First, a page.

The Digital Camera and the Human Eye
|Digital Camera||Human Eye|
|Mega Pixels||10-20||80 (500 with processing) 1|
|Shutter Speed||100 hrs to 1/8,000/second||100 to 1/8th of a second|
|Dynamic Range||64 to 1||20,000 to 1 3|
- What is Visualization?
- Camera History and a Light Concept
- How the Shutter and Mirror Work
- What Do I Need to Know About Camera Lenses?
- How the Camera Aperture Works
- What is Depth of Field?
- What is Camera Perspective?
- What is Bokeh?
- Camera Sensors in SLR Digital Cameras
- The Camera Brain and Visualization
- Tips on Getting a Good Exposure
- Sunny 16 Rule
- How to Set White Balance
- Should I Get a Compact Digital Camera or a SLR Digital Camera?
- Should I Use jpeg or raw or dng as My File Format?
- What Mega Pixel Camera Should I Get?
- The Best Way to Save Digital Pictures
- What is Dynamic Range?
- The Only Camera Filters You Need
- How to Pick the Best Tripod
- What is Macro Photography?
- How to Take Better Portraits
- Tips on Getting Better Results with Wedding Photography
- How to Take Outdoor Sports Photographs
- How to Take Indoor Sports Photographs
- How to Take Wildlife Photographs in the Wild, and at the Zoo
- Tips on Landscape Photography
- What is Reciprocity Failure in Photography?
- How to Take Digital Panoramas
- Best Way to Take and View 3D photographs
- Which is Better: Film or Digital?
- Lighting is the Most Critical Thing for Good Photographs
- How to Find Out the Latest News on Canon and Nikon Cameras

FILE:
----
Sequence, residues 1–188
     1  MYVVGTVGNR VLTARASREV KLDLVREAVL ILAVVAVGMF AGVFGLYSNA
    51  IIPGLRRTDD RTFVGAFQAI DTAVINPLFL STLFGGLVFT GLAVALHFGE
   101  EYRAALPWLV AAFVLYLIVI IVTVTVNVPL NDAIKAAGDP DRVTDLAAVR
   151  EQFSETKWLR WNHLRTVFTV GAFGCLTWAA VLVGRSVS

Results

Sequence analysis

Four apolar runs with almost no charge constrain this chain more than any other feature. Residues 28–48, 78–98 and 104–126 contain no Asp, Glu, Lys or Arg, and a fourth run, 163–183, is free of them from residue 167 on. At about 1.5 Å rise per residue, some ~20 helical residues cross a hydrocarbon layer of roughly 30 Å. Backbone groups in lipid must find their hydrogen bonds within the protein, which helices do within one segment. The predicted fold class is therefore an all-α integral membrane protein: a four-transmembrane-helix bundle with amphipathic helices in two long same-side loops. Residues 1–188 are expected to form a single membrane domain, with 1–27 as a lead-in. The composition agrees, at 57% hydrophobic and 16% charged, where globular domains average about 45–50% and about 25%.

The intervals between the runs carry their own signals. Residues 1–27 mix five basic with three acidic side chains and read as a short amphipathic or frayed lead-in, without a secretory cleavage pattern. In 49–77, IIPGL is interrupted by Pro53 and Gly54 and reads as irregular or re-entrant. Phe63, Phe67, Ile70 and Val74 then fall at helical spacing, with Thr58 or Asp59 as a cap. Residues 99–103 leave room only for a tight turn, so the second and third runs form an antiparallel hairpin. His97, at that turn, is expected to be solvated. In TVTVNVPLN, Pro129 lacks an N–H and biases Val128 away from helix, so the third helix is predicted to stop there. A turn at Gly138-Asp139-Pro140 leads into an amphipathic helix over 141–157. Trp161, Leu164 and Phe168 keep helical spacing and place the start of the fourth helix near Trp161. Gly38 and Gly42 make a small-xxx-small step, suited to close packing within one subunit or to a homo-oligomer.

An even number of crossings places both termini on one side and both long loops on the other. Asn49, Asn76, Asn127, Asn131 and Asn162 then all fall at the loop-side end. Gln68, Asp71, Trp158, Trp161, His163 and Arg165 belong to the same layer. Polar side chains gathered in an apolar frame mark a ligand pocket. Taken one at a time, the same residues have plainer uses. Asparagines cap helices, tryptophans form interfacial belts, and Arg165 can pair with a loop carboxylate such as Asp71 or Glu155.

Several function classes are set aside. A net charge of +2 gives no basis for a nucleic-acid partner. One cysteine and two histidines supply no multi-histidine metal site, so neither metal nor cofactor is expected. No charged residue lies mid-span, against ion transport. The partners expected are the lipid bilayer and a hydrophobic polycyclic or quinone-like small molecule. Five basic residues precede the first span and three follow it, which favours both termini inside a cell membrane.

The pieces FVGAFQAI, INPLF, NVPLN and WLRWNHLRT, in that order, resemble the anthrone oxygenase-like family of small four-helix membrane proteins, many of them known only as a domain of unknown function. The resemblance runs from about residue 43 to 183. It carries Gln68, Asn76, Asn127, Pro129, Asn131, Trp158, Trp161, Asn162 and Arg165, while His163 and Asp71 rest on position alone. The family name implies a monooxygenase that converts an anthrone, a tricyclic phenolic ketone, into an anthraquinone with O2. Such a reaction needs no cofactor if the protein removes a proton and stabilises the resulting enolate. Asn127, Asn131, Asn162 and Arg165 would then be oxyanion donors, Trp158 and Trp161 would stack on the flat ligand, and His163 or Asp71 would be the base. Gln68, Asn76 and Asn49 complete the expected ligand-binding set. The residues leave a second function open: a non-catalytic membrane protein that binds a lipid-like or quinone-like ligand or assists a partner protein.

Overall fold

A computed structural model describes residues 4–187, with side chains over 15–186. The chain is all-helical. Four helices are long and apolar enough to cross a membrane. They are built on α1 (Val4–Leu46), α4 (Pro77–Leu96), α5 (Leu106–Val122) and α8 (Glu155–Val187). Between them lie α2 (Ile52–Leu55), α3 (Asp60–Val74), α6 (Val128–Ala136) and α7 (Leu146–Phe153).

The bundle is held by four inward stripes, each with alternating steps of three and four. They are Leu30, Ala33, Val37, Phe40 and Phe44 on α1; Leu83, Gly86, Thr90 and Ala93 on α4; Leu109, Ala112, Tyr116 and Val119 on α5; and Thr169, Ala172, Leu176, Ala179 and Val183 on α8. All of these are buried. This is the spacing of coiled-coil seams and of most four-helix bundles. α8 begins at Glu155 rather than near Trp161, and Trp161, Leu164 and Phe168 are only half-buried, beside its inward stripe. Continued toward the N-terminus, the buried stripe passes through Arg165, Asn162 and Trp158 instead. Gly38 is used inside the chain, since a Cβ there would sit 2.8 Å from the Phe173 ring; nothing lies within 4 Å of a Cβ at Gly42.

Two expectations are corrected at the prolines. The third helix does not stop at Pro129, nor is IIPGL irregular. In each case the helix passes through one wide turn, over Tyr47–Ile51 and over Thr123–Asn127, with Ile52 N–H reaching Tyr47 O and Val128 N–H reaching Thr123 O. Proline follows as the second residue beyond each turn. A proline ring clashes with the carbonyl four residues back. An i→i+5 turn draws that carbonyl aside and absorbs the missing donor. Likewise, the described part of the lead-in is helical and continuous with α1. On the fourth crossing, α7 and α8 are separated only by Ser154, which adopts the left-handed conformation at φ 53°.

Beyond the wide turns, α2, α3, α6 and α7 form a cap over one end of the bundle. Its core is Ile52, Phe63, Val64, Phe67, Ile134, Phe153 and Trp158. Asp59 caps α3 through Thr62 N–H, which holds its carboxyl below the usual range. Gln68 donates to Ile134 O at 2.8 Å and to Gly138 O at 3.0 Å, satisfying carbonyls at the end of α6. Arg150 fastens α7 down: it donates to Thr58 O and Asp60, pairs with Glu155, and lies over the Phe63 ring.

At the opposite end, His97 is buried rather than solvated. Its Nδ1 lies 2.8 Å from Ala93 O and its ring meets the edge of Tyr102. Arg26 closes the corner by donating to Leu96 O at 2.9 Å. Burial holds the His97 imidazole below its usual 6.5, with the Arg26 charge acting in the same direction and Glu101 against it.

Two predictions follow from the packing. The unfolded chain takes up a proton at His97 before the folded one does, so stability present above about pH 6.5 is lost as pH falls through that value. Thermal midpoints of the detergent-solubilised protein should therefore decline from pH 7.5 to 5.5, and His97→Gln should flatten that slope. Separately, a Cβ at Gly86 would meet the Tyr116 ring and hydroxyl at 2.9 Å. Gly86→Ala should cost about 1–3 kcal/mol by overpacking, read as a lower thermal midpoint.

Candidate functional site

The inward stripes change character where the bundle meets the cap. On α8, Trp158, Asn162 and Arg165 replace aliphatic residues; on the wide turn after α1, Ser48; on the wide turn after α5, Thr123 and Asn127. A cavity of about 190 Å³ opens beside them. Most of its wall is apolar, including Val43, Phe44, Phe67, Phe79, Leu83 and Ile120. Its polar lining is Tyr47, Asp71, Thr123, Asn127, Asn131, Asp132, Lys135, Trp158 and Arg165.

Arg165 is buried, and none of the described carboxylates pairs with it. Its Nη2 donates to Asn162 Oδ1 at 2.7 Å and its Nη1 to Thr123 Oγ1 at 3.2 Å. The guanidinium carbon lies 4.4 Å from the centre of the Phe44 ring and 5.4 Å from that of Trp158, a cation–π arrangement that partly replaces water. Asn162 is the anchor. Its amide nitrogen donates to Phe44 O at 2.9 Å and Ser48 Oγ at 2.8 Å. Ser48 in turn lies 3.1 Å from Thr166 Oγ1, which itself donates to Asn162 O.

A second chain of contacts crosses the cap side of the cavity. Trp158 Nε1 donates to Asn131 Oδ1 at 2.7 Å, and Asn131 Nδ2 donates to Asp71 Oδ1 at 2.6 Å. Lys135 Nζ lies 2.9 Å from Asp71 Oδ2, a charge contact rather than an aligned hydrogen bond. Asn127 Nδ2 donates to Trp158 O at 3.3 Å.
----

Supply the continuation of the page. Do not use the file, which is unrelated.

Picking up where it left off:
Other Rhett Stuart web sites:
- The mega pixel of the human eye is about 80 mega pixels but with eye movement, stereo vision, and brain processing the human eye produces about 500 mega pixels. The mega pixel of the human eye is difficult to calculate because the eye moves almost constantly and this helps calculate the image. Also, the visual acuity is much greater directly in the middle of what we see (try reading a sign that you are not looking directly at!) The eye resembles a video camera more then a photographic camera. However, the eye has many similarities to a digital camera, and these similarities help to understand photographic concepts.
- These are estimates only and given to help understand the advantages and handicaps of digital cameras, and to help explain the difference between what we see and what ends up in our photographs. This is explained and developed in other pages. The important thing is to understand the concepts.
- The Dynamic Range is the range of light that can be seen or recorded, and the subtle shades of light within these ranges. So the human eye is still much more sensitive and superior to digital photography, about 20 times more.